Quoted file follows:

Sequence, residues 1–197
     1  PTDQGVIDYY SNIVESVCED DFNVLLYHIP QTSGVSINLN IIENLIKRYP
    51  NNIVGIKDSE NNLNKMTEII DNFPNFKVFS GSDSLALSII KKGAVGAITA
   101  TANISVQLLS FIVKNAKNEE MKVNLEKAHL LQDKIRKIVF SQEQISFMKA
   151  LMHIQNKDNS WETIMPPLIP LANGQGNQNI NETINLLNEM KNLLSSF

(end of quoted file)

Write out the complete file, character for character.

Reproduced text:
Sequence, residues 1–197
     1  PTDQGVIDYY SNIVESVCED DFNVLLYHIP QTSGVSINLN IIENLIKRYP
    51  NNIVGIKDSE NNLNKMTEII DNFPNFKVFS GSDSLALSII KKGAVGAITA
   101  TANISVQLLS FIVKNAKNEE MKVNLEKAHL LQDKIRKIVF SQEQISFMKA
   151  LMHIQNKDNS WETIMPPLIP LANGQGNQNI NETINLLNEM KNLLSSF